Until now, non-EU Eastern Europe has been largely left out of the Green Deal. But advocates in Ukraine and elsewhere want that to change – in the very near future. Civil society should take the initiative, they argue. Paul Hockenos has the story.
In July the European Commission unveiled its Fit for 55 package aimed at pushing EU member states to reduce emissions by at least net 55% (compared to 1990 levels) by 2030. One of the most widely anticipated parts of the package – at least among policy wonks – is the introduction of the world’s first carbon border adjustment mechanism (CBAM). Intended to level the playing field between domestic and foreign producers of cement, steel, aluminum, fertilizers and electricity, CBAM’s real litmus test will be if it actually reduces overall emissions and incentivizes a greening economy both within and without the EU. But given how controversial and relatively weak the CBAM proposal is out of the gate, critics worry its presence will only distract from more effective climate strategies in the Fit for 55 plan. Worse, despite COP 26 in Glasgow, pushing CBAM could spark an international trade war. Lead blogger Michael Buchsbaum reviews the growing debate. Listen to our podcast on CBAM.
With energy prices soaring across Europe, more gas and coal plants are firing up. Ahead of COP26 in Glasgow, emissions – along with bills – were skyrocketing. Though fossil energy dependent countries like Poland and other allies of dirty fuels are using the crisis to push back on Brussels, putting more scrutiny on the bloc’s overall decarbonization strategies, leadership is standing firm. As imported fossil gas prices are ever more manipulated on complex commodities markets, European Commission leadership says the crisis is another reminder that the best long-term solution is to accelerate the expansion of renewable generation. And thankfully that’s a key aim of the EU’s newly unveiled “Fit for 55” strategy. Lead blogger L. Michael Buchsbaum reviews the situation.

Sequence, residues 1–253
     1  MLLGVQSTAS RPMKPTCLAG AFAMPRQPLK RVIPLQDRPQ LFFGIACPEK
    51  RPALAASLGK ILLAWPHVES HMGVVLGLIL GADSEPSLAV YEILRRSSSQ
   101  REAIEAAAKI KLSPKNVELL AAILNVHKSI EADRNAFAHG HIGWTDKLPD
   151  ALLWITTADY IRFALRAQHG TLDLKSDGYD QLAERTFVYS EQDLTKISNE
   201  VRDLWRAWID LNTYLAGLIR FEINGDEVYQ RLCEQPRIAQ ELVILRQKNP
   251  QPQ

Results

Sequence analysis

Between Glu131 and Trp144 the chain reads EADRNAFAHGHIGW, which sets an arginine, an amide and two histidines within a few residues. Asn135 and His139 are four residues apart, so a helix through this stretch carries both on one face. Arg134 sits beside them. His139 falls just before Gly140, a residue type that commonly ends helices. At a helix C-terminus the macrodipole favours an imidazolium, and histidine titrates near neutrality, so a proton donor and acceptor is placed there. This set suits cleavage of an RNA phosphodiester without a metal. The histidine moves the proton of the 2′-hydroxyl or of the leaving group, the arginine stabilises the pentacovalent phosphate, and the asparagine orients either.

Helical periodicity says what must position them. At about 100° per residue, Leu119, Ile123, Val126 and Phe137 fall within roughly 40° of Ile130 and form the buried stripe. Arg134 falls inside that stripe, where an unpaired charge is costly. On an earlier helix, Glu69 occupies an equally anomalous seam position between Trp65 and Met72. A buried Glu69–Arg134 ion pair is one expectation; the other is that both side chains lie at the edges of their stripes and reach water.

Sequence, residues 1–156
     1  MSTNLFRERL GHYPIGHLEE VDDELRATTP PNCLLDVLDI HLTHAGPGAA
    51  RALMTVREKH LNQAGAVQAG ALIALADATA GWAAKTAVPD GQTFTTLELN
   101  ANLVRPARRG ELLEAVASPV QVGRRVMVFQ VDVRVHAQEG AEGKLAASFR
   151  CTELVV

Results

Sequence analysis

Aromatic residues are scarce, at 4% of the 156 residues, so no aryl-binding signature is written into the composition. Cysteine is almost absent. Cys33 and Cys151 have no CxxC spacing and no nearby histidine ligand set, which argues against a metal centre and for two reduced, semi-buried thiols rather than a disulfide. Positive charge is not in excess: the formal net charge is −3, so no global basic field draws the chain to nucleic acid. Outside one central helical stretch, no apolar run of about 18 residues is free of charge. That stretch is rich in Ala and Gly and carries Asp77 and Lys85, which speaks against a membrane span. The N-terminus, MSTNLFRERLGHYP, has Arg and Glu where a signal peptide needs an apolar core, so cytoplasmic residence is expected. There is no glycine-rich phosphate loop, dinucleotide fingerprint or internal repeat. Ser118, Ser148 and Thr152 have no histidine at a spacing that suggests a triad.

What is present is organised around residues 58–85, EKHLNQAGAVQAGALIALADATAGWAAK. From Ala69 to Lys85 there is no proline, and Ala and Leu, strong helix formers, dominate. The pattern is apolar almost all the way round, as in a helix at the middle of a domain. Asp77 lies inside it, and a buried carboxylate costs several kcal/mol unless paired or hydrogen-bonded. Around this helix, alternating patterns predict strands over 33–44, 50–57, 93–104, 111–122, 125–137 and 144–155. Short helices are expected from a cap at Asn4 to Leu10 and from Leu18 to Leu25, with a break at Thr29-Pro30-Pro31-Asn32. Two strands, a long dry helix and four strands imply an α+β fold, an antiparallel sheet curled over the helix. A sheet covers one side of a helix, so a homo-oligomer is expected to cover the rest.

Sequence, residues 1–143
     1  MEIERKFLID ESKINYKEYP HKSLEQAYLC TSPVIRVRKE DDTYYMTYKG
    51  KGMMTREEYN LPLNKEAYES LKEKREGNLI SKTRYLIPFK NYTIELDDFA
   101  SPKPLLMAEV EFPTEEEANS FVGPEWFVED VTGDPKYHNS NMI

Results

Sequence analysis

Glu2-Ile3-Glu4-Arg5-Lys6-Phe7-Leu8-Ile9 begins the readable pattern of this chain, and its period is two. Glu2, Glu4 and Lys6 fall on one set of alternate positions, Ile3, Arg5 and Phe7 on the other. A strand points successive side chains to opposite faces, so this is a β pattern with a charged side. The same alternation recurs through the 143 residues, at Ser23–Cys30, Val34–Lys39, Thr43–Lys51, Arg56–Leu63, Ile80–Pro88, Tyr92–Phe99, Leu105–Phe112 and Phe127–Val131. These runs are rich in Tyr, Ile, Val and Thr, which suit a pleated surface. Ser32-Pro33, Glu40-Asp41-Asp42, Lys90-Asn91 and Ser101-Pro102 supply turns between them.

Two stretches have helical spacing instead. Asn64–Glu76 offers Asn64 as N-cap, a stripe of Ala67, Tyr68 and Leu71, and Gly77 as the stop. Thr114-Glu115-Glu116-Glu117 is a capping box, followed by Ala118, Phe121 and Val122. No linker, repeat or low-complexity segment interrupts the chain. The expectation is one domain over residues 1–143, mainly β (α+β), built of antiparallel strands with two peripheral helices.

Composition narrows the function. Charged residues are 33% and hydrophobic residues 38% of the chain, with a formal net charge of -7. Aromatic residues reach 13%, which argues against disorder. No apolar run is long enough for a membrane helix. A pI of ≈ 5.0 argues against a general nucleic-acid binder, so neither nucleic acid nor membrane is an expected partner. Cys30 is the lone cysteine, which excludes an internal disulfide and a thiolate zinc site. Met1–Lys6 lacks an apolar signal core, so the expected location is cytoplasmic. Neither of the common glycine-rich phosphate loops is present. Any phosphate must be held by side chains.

The hydrogen transition – a crucial political, economic and climate initiative for the European Commission – got a massive boost from their newly released Fit for 55 strategy. But despite growing concerns about how dangerous the expanded carbon footprint of H2 produced from fossil gas will be, many policymakers like EU Energy Commissioner Kadri Simson remain firm on backing both “blue” and “grey” H2. Among many incentives in the new policy package is the shielding of this highly polluting sector from having to pay additional carbon taxes under the European Trading System (ETS). In a recent Politico Energy Visions web event sponsored by Shell, Simson batted away all criticisms, stating that during the H2 transition phase “we will need all low-carbon hydrogen solutions.” Lead blogger L. Michael Buchsbaum reviews some of the ways not-so-low H2 benefits under the bloc’s new theoretical pollution prevention plans.
In mid-July, the EU published sweeping cross-sector plans intended to cut emissions by 55% compared to 1990 by the end of the decade. Using rising carbon prices under the Emissions Trading System (ETS) to literally fuel the clean energy transition, the proposed legislation covers a lot of ground: it increases renewable energy targets, sets in place the phase-in of hydrogen, increases energy efficiency and helps encourage housing renovation while ensuring the path of progress is “just.” Beyond helping the bloc reaches its climate objectives, policymakers hope to set an example of global climate leadership in the face of COP26 in Glasgow. In the first of three pieces, lead blogger Michael Buchsbaum breaks down some of the policy’s complexity.